My Testament for Those With Impostor Syndrome


Going into my first year at Fordham University, I knew I had to be one of the stupidest admits.

I scored a composite 29 on my ACT and ranked just over the 25% percentile of standardized testing for the university. While I should have been happy to be offered a place, instead, I was filled with fear: how was I going to match up to everyone else? How could I be sure I wasn’t going to completely fail? Of course, I had no idea what my time at Fordham was going to be like, so I had no choice but to go $30,000 in debt trying to find out.

I come from a low-income, Hispanic-majority seaside town in New Jersey, where the beach is the only thing that isn’t underserved. The coast is covered with million-dollar beach homes owned by New Yorkers and the inner city is held together by pieces of tape. I love my city and, growing up, I saw nothing wrong with it. 

When I came to Fordham, I thought I had a working class childhood; my new classmates showed me that, in fact, I basically lived in abject poverty. Culture shock wasn’t the word — I was surrounded by girls donning Cartier bracelets and Montcler jackets, boys with Rolex watches and a strict diet of Polo Ralph Lauren. The first time I thought about dropping out was during orientation week.

It became very easy to think little of myself. With my first two semesters on Zoom, I spent a lot of time in my own head, convincing myself that I wasn’t doing or being enough. When I completed my first round of finals in college, I remember being clouded with disappointment in myself, a feeling I know I would have felt regardless of how I performed. Nonetheless, my grades were less than my high-school-usual of straight As, and I had to put on a painted face as if it didn’t absolutely cripple me.

I came back the following semester and accomplished even less, struggling with a myriad of problems in my personal life. Nothing felt real. I over-burdened myself with an internship and felt  even more like a disappointment because I couldn’t force myself to do what my brain wanted. I was exhausted. I made arrangements to transfer, whether it be to a lower-ranked school or in a completely different country, where I didn’t know anyone. An identity change is what I wanted, so I could pretend that everything I did in my previous year at Fordham never actually happened, and I wouldn’t have to claim responsibility for it. 

A dean reached out to me, seeking to discuss why I wanted to leave the university. When I agreed, they never followed up.

In short, I felt abandoned and alone. Abandoned because I felt like none of the resources at the university could make me feel better, and alone because my friend group was small and restricted by the pandemic. I sought to be known, to be truly understood, to meet someone like me: smart but not virtuous, plagued by similar financial anxiety and insecurity. I was worried that these shortcomings started to define me, as I would slip them jokingly into conversation as a way to cope and make them seem less scary. When I looked at myself, I saw what I thought everyone else did: the girl too dumb and too poor to attend Fordham.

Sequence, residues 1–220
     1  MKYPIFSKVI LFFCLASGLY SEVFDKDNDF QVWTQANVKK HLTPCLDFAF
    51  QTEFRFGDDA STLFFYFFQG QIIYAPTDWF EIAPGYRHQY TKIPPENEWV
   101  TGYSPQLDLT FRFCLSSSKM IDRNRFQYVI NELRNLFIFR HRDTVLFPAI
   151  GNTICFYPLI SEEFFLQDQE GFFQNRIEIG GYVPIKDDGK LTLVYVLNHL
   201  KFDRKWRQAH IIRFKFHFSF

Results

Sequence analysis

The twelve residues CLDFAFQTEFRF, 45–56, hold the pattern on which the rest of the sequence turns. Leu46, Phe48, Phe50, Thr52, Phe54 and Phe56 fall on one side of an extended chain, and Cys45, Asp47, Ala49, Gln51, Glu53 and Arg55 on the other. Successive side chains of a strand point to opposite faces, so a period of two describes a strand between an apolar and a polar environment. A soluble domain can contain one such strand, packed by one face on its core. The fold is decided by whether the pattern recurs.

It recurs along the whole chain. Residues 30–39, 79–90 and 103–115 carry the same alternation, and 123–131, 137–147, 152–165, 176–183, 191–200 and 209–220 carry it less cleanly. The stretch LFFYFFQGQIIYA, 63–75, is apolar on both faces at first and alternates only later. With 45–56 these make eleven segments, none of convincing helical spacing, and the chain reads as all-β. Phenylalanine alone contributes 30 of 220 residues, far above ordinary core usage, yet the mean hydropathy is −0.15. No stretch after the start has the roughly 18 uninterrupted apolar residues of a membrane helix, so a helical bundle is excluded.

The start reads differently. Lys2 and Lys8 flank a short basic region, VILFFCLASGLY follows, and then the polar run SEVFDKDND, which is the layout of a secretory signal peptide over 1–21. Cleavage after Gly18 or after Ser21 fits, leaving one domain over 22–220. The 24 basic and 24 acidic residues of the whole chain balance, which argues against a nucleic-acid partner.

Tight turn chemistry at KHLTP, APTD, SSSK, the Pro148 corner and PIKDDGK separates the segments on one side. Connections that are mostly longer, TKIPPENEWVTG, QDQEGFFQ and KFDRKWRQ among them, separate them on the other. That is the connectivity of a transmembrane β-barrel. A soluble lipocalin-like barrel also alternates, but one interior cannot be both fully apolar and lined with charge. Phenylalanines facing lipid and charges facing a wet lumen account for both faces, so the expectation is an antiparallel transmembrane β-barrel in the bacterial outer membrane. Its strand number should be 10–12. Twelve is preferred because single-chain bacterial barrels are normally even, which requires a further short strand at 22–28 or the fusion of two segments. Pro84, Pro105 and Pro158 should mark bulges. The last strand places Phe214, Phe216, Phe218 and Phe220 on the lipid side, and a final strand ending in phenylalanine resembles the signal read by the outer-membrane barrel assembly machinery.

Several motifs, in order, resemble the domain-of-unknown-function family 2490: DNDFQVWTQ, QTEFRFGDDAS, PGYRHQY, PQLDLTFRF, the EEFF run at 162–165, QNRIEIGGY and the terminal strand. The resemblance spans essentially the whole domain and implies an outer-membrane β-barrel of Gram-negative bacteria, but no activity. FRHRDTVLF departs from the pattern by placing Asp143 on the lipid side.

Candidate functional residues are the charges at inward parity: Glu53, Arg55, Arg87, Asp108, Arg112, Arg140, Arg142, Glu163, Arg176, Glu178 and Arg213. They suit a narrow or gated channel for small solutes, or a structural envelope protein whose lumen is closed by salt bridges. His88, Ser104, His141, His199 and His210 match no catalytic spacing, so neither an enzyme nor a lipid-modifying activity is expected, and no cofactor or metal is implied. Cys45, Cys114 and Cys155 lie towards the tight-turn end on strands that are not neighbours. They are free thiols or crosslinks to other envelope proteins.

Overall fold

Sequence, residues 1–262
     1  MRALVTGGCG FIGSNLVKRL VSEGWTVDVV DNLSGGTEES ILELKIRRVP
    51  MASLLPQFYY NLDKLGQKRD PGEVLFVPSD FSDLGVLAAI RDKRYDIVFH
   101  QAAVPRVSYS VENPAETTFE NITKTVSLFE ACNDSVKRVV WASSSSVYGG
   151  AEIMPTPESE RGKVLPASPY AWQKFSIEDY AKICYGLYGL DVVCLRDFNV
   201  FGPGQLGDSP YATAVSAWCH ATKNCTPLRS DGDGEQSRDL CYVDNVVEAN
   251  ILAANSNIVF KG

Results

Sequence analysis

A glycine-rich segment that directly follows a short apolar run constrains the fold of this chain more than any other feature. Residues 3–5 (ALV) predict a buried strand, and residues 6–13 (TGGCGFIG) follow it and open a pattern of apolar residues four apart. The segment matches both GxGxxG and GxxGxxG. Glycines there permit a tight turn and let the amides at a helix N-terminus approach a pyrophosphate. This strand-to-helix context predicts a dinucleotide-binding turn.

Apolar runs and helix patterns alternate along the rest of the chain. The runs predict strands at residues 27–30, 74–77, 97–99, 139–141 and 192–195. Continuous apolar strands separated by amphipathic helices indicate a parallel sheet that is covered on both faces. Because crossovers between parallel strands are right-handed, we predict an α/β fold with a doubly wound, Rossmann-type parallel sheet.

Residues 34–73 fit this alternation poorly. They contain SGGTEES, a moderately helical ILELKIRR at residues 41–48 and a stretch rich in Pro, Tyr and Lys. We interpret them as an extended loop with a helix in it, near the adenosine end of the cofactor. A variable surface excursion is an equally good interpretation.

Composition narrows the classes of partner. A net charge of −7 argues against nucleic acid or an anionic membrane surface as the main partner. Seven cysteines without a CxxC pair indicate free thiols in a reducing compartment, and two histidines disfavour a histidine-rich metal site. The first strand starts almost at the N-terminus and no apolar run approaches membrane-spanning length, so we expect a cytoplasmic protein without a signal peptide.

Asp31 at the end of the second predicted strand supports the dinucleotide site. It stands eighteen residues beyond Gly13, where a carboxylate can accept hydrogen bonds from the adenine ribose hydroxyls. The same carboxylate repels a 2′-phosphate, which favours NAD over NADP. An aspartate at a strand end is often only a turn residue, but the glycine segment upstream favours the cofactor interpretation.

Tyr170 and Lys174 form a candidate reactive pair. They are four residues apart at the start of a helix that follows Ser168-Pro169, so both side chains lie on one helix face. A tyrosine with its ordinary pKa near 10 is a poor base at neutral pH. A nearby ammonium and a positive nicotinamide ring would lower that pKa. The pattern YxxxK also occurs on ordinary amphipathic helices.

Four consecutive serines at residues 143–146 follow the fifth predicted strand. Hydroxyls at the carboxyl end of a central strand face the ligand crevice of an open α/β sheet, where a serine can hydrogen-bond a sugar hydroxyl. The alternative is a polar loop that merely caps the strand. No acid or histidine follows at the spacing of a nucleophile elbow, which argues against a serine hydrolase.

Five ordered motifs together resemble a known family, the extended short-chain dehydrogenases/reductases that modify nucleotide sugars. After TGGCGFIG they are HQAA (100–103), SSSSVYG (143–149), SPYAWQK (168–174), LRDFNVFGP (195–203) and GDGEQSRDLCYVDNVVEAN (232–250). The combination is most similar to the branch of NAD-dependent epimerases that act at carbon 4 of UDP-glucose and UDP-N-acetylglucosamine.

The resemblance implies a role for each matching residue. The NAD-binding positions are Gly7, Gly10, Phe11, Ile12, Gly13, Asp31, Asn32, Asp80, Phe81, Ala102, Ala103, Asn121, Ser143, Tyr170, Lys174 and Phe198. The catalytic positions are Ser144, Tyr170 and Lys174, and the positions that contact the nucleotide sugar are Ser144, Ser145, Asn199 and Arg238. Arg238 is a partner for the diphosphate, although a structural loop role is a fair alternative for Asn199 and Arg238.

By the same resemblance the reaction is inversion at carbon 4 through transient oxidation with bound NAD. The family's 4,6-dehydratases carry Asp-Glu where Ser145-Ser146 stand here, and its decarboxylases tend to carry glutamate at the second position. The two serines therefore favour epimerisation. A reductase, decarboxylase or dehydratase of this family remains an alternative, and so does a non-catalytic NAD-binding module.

Summer was transformative for me. I was accepted as a resident assistant — then halting my transfer plans — and escaped a toxic, terrorizing friendship, which prompted me to start therapy. While it was not one quick fix, I began viewing everything in a different light. I got high grades in my two summer courses and it was the first time I was proud of my academic achievement in years. I worked 28 hour weeks on top of my classes to give myself a sense of financial stability. When I returned this past fall as an RA and a member of the pep band, which began to meet in-person, I started to feel like I was a part of something again. I started to feel like I belonged.

I eased into our latest fall semester with some apprehension, but it exceeded all of my expectations. I became closer than anticipated with my building staff, started to sincerely enjoy being a musician again and didn’t feel completely burnt out from all of my classes — except for Spanish. I felt as though I was coming back to life and I was excited for subsequent days and weeks of what the school had to offer me, which I never thought would happen. I don’t know what would have happened if I transferred to somewhere else in the country, moved overseas or dropped out entirely. I can’t say if I would be better off than I am now. But I know now, in a spring semester where I have tacked on the responsibilities and found microcosms of community in every one, I am thankful. 

The insecurity has not disappeared, but I have been able to push it to the backburner. I still have painful flare-ups of shame when I think about my spring GPA of 2.9 or the fact that I have two C+s and a W on my transcript. I fear for the future, whether I choose graduate or law school,  how that may go over with admissions officers or how I may handle the debt.

I am writing this because I know I am not the only person wondering if things would have been better had they never stepped foot in The Bronx. I am writing this in the hopes that it serves as some kind of encouragement, solidarity and act of faith. I have so many people to thank for helping me feel at home, but I mostly have to thank myself for being able to quiet that little voice in my head and push forward. To the person reading this, if you’re feeling kinship with my freshman self, I hope you know that it does not feel like that forever. There is more to life than the titles you impose on yourself and there is still greatness unforged.